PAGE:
Are you ready for next-gen alien entertainment?
Krampus is a beast of legends, harking back to both Norse and Greek Mythology. It was used for generations to keep children from misbehaving, while instilling within them a lifetime of phobias. According to Wikipedia, the Austrian governments attempted to stifle the legends after the 1934 Austrian Civil War, prohibiting the tradition, but the legend refused to die.
In 2014, a National Geographic study reported that 77 percent of Americans believe not only in the existence of aliens, but that they have been regularly visiting Earth. The majority’s acceptance that there is life on other worlds in the universe continues to be fueled by credible eyewitness accounts from military and commercial pilots. Even respected astrophysicist Neil deGrassi Tyson told Chris Hayes of MSNBC that we may have already been visited by alien life. Additionally, world famous and brilliant theoretical physicist Steven Hawking stated in his documentary Into the Universe with Stephen Hawking that “alien forms almost certainly exist”.
Has the onslaught of paranormal shows and movies minimized the lives of the dead? Have we stopped seeing them as people who have loved ones still mourning their losses and simply view them as opportunities for fame? Tammy Rosenfeld echoes this sentiment. “There is no integrity in the field anymore. Everyone wants their fifteen minutes of fame.”
Has Luke joined the Dark Side?
Be careful what you dig up.
Below are some of the more frightening and ghastly versions of urban legends that will send chills down your spine.
How deep will you dive?
Would you want him around?
Project Bluebeam, parallel universe....or just a weird f***ing cloud?
Edgar Allen Poe would be proud.
Are you ready to put in your bid?
If you’re looking for a spooky evening, spend the night at one of these legendary haunted New England Bed and Breakfast inns. The ghosts here are interactive and enjoy surprising you with unexpected encounters. In some cases, you might even find yourself with an extra bedmate you weren’t counting on.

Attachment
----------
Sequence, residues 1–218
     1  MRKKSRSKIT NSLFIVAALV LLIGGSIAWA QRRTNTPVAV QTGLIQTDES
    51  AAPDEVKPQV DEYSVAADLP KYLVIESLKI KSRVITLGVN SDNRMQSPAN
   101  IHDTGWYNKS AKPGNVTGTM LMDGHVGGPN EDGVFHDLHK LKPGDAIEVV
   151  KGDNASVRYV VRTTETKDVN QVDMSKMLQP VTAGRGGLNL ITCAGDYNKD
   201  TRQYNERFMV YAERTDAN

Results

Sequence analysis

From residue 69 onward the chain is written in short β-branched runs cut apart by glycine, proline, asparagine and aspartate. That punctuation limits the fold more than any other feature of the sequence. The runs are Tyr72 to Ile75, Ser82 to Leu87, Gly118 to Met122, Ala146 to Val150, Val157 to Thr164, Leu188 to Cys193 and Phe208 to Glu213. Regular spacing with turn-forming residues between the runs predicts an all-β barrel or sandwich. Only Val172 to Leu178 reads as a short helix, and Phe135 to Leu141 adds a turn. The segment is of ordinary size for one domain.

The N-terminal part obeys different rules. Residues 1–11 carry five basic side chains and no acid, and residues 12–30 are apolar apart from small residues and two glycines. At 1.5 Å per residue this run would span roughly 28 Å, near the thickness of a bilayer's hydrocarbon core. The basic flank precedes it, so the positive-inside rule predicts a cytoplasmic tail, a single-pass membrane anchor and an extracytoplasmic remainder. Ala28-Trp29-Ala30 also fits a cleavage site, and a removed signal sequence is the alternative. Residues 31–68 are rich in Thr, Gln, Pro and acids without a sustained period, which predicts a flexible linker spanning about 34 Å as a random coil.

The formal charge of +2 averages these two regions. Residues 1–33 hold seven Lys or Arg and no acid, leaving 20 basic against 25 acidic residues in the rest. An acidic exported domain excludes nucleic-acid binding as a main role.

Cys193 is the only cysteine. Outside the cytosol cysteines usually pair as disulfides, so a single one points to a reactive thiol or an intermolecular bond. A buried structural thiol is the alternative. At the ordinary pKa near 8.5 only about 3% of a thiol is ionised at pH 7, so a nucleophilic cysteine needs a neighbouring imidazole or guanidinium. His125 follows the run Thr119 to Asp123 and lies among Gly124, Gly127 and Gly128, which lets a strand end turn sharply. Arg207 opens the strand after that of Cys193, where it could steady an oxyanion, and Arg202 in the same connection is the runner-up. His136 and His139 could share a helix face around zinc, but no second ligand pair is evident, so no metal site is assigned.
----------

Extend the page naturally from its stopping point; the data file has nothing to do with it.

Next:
They say fact is stranger than fiction....it's also more terrifying.
Some very haunting things have occurred on Halloween.
When it comes to urban sprawl most cities aspire to be like San Francisco. Densely populated yet pristine, culturally-significant yet laid-back, the Bay Area achieves a certain ideal few cities reach. With that said, the beautiful burg by the bay is not without its share of eerie sights and sounds. If you’re out seeing the best the city has to offer you may very well be standing in a space saturated with paranormal activity.
The terrifying 1977 horror movie, The Hills Have Eyes, written and directed by Wes Craven, is both frightening and disturbing. The flick boasts an original tale of an incest-bred and cannibalistic clan as they hunt strangers for “food” in the Nevada desert. The plot is clear, albeit creepy, but the inspiration for the script is based on stories tales that, like any lore, contain varying amounts of embellishment inside the truth. Sawney Bean was born Alexander Bean in East Lothian, Scotland sometime during the late 1500’s. Unwilling to follow in his father’s vocational footsteps of ditch-digging, he and a female companion fled to the waters of Bennane Head in the county of Galloway. They found seclusion inside a deep cave that sank over 600 feet into the ground.
The most famous of all alleged “Bigfootage” ever produced, the Patterson-Gimlin film remains an iconic artifact of the unknown. Shot nearly five decades ago on Bluff Creek in California near the Oregon border, the minute-long scene recorded onto 16mm film by Roger Patterson accompanied by Bob Gimlin depicts a subject covered in brown hair walking upright away from the camera. Frame # 352 captures the subject in its most memorable and revealing pose relative to the camera, an image which has since become the face of Sasquatch-related pop culture around the world.